>> I'm not really supportive of the idea, either. Maybe there should be a
moderated list for announcements or what have you, or someone could put
together and offer an edited digest of this list, but I prefer the
vibrancy and speed we have here, and that's hard to replicate in a
moderated list. <<
I thought you'd have this reaction, and I agreed with you when we first
set up Wikipedia-l that it should be unmoderated.
We have a lot of things we *need* to talk about and moreover to *do* on
Wikipedia. There are people who are constantly disrupting this work in
various ways that have made me and a lot of other people want to stay off.
But, like moths to the flame, we come back--because we rightly don't want
to abandon the project to the disruptors. Of course, some amount of
disruption (depending on exactly what we mean by this) is healthy. You
could say that I think we are way too robust in this regard.
I'm guessing your concern is that moderation would make the project less
open. And who can deny that moderating the list makes the project
slightly less open, and that indeed that is a bad thing. I totally agree
with that. But alas it also appears to be a necessary thing, or so I
think, which is why I call it a "necessary evil." If we keep our
moderators properly reined in (by making sure they have a set of rules
that they are to follow), I think we can minimize the damage in this
Remember, you were a great moderator of a list in the distant past, Jimbo,
and it's safe to say that it was your moderatorship that made it the great
list it was.
>> Mostly, I think people should just relax a notch or two. :-) Before
each post, ask yourself if you are on the path to slack. If not, don't
Wise advice but giving such advice is a solution only as long as people
are inclined take it. Surely the last many months have made it clear that
they're not. Would that we were all as relaxed as you, KQ, Magnus, and
many others sitting in embarrassed silence while the more tightly-wound
among us make fools of ourselves.
You are a very relaxed person (he really is, folks!), and you to your
credit can often not see what all the fuss is in our flame wars or
debates. But this doesn't really help those of us who are in the middle
of flame wars that you would, again to your credit, never get involved in.
I think we need a better solution.
"We have now sunk to a depth at which the re-statement of the
obvious is the first duty of intelligent men." --George Orwell
This quotation may or may not apply to the contents of this e-mail.
Could someone please translate the following? It seems important.
(S'il vous plait, traduisez le text prochain; c'est tres important.)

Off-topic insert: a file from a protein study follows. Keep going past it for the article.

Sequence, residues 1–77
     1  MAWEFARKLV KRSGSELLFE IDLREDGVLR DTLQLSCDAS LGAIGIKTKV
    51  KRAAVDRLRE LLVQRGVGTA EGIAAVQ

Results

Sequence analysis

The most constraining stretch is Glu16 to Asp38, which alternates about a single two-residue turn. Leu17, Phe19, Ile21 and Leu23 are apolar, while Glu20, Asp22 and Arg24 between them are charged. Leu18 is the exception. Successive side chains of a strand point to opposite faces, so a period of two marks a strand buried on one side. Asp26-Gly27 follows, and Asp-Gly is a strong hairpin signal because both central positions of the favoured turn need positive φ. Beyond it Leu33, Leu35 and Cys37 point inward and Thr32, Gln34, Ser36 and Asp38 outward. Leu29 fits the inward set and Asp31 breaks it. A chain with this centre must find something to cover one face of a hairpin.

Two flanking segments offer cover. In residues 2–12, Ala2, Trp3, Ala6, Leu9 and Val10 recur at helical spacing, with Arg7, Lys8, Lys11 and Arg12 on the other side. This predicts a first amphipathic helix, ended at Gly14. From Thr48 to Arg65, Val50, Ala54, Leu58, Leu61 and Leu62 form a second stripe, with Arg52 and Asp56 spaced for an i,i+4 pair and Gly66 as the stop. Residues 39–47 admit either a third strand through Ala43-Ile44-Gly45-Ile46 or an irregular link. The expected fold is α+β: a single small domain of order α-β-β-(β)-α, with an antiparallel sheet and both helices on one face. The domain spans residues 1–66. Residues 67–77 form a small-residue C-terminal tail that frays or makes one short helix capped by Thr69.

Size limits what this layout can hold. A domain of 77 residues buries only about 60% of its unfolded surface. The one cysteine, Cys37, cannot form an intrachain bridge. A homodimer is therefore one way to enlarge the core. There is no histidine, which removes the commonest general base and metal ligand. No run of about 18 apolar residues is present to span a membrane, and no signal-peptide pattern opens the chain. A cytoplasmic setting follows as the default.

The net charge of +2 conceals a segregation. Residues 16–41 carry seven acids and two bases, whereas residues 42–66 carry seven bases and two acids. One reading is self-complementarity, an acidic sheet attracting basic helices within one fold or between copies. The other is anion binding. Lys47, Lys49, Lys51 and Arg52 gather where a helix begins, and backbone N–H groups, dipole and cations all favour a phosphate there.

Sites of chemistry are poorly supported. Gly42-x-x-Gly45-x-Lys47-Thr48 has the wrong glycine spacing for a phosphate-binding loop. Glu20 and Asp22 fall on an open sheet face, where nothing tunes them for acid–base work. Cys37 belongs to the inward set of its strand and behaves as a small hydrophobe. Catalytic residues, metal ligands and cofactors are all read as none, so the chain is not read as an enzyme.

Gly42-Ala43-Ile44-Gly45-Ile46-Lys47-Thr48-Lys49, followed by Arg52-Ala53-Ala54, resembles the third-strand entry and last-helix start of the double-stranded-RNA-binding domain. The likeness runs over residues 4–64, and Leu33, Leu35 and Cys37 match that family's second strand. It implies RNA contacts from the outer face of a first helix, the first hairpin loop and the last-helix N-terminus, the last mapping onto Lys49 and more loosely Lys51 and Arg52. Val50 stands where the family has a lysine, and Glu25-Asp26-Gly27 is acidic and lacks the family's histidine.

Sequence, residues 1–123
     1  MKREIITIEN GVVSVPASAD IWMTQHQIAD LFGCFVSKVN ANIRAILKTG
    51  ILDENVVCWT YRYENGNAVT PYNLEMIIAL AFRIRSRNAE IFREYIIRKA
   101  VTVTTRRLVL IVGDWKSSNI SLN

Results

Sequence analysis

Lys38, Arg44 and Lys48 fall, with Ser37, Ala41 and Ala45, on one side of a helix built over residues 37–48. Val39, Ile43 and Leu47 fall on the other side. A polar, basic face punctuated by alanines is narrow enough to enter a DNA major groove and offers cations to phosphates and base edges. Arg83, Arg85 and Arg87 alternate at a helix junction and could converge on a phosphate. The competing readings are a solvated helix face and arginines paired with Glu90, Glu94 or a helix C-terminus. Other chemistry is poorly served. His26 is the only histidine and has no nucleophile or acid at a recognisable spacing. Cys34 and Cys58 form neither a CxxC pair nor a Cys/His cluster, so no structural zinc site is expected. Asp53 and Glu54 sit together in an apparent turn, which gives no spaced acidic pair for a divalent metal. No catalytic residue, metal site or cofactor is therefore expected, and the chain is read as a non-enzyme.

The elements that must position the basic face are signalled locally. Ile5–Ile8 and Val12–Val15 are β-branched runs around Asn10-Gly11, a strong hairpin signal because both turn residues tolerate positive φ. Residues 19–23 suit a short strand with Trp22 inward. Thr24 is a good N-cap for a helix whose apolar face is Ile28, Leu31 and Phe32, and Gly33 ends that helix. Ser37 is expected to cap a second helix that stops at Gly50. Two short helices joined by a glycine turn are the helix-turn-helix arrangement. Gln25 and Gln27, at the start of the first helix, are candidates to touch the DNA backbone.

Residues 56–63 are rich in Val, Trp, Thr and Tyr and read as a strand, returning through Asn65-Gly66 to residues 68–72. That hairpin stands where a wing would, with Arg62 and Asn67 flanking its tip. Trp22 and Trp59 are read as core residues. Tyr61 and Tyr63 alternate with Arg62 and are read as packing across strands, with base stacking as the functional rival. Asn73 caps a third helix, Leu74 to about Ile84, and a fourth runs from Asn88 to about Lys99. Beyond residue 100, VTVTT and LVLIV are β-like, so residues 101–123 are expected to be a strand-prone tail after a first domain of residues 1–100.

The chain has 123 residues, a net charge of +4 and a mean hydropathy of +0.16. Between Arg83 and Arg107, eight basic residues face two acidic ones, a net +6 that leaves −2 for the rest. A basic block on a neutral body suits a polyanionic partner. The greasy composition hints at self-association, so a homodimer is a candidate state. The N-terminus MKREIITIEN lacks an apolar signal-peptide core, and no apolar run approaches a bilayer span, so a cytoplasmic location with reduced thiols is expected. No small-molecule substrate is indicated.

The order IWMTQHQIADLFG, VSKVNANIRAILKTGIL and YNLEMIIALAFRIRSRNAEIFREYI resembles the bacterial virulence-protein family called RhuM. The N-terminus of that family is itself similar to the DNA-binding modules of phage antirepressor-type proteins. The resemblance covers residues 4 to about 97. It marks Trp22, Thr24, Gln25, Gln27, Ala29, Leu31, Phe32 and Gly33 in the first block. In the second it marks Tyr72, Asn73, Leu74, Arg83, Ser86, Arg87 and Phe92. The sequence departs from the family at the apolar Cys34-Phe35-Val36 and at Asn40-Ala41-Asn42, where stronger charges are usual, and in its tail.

Ne vous inquiétez pas pour ça Edmond. Ce n'est que mon
impression, et elle apparait ultra-minoritaire, au vu
du bon travail que vous faites sur la wiki anglaise.
Après avoir lu le mail de notre futur (?) modérateur
et des règles de modération proposées, j'étais
moi-même en train d'envisager de quitter la main
liste. Après tout, elle va un peu redevenir la liste
anglaise à ce qu'il semble.
From: Anthere [mailto:firstname.lastname@example.org]
Sent: Wednesday, December 11, 2002 2:11 PM
Subject: RE: [Wikipedia-l] Moderation of the main list (not the english
> > And of course while I feel compelled to abstain from
> > self-nomination, I'm willing to take a crack at it:
> > I think I'd make an excellent moderator :-)
> En toute honneteté, permettez moi de ne pas être
> *entièrement* d'accord Edmond...
Je ne me nomine que la liste anglaise.
Edmond Le Pauvre
I agree with Larry's proposal for a moderated Wikipedia mailing list.
Two issues arise therefrom:
* which lists should be moderated?
* who should moderate?
I will support any of following as moderators for either of the the above lists:
* Larry Sanger
* Daniel (mav)
Larry would be the best, although he also participates. But I trust him not to abuse his role. I only worry that he'd be too soft-hearted on the eedjits and let them rant on too long.
Daniel could also do an equally good job, although I doubt he has the time what with school and all. I bet he'd be quicker to pounce on eedjicy.
Jimbo simply doesn't have the time, so I don't think he'd agree to do this.
And of course while I feel compelled to abstain from self-nomination, I'm willing to take a crack at it: I think I'd make an excellent moderator :-)
Any decent moderator would have cut out:
(A) Julie's attack on Erik
(B) Erik's attack on Julie
(C) Jonathan's attack on RK
If Uncle Ed ever became moderator, the first person he'd probably
squelch would proabably be Clutch.
(My goodness, I'm even starting to talk like him! "Holy 3rd person,
> > * A sysop should only use his administrative privileges as a "time
> > out" to direct discussions in case of conflicts to the talk page,
> > but he should not do that if he states a position in the
> > matter. Otherwise he is no longer a sysop or a moderator but an
> > editor, which is not the function assigned to him.
> I'm not even really comfortable with that, unless things have gotten